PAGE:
1st International Sex and/or Gender Diversity Day: 26 April

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(via The Scavenger)

The first International Sex and/or Gender Diversity Day has been declared 26 April and will be an awareness day and celebration of the existence or sex and/or gender diverse people, writes Tracie O’Keefe.

Sex and/or gender diverse people are encouraged to have picnics, tea parties, festivals or gatherings in their part of the world, inviting their family, friends and allies to join them.

We will be visible in all our sex and/or gender variations. It is for all intersex, transexed, transsexual, transgendered, androgynous, without sex and gender identity, cross-dressers, sex and gender fluid, transqueers, genderqueers, etc.

It is a day to have a picnic, tea party, gathering or festival wherever you are. In my 1999 book Sex Gender and Sexuality: 21st Century Transformations my research calculated that at least 1% of the world’s population is sex and/or gender diverse.

OK – so many of us who are sex and/or gender diverse are scary to the masses because we are out there being visible, but the majority are stealth, invisible and often live with shame thrust upon them by ignorance or trying to evade an over-controlling medicalisation of their identities and prejudice.

When I was 15, Kevin B, the boy I grew up next door to, told me his mother expressly did not want him speaking to me because she was afraid I was dangerous.

I did have very high hair, one-foot high platforms and more make-up and fashion accessories than most department stores, plus a boyfriend on one arm, girlfriend on the other and was registered at school as a boy – admittedly in 1970 that was probably a bit frightening to the public. I was never one for half measures.

Nowadays I’m more likely to shop in K-Mart and be found peering through a microscope. I don’t stick out in crowd (apart from my red hennaed hair), so I’m just your plain old intersex, transexed sort of girl. But the law still prevents me from having all the same rights as someone who was registered as their lived sex at birth.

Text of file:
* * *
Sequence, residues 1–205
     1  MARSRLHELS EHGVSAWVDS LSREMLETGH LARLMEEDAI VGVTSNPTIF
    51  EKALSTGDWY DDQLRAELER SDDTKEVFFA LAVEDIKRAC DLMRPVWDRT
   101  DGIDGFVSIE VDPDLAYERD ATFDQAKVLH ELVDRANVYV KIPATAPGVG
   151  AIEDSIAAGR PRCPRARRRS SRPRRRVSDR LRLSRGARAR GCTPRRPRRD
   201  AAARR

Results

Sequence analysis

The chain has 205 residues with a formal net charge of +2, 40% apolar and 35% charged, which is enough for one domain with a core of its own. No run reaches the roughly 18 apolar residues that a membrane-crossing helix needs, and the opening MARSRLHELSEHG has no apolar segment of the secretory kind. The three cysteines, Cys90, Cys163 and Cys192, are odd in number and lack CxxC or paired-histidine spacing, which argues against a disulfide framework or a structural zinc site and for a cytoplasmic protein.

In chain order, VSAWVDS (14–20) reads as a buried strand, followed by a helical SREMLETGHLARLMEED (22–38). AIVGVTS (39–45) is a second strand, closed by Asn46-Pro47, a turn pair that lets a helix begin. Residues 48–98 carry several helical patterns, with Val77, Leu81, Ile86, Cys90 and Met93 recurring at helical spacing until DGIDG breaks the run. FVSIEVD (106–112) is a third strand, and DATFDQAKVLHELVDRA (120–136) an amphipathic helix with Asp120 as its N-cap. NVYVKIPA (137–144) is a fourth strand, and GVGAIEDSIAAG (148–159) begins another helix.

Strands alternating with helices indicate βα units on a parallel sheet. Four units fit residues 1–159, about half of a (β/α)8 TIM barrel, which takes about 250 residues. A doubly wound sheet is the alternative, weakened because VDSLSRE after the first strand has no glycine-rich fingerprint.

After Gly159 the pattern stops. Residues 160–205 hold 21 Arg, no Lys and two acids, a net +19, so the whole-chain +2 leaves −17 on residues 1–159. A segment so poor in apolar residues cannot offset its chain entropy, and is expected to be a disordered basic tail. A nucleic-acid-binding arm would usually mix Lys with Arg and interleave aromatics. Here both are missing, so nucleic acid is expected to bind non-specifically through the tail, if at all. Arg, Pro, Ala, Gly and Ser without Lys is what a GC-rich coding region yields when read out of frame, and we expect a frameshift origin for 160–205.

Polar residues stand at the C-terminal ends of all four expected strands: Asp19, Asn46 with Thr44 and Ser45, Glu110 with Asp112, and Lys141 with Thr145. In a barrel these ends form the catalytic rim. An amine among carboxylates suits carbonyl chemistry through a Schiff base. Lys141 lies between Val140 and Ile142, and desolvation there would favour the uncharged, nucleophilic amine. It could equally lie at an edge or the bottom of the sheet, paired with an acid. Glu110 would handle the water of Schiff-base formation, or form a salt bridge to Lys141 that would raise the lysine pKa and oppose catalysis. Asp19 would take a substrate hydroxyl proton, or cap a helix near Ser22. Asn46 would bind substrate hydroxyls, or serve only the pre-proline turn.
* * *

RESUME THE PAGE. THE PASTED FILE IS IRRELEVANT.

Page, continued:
Many of us who are sex and/or gender diverse are still a complete mystery to the public because we are not stereotypically male or female genetically, physically, psychologically or socially and, more often than not, legally.

Schools only tend to teach what Janet and John did up the hill when they went for a pale of water. Even biology professors at university struggle with the concept that sex is not just a binary lottery but a roulette wheel of diversity. Many social sciences gender studies professionals also have little understanding of the difference between sex and gender.

Many of us don’t fit into the pure male, female, transgender or transsexual boxes that society, clinicians, researchers, and even many so-called gender liberationists are trying to force us into.

We won’t be numbered, categorised, commoditised, and managed. We won’t be mugged of our differences and we don’t want to be pegged in a sex and gender class system that depicts us as mistakes and lesser human beings with lesser civil rights. We may even be actually embracing some of our differences, or at the very least not be ashamed of them.

Buck Angel, FTM porn star

“I am a man who lives life on his own terms,” world-famous FTM porn star Buck Angel told The Scavenger. “I was born female but was not ever able to feel comfortable in my body so I changed that and now live as a man.

“My work in the education, advocacy and the adult entertainment field has earned me recognition all over the world and has helped to show people that it is important to be yourself and that societies rules are not always the right way to live. Be free with your body and enjoy life.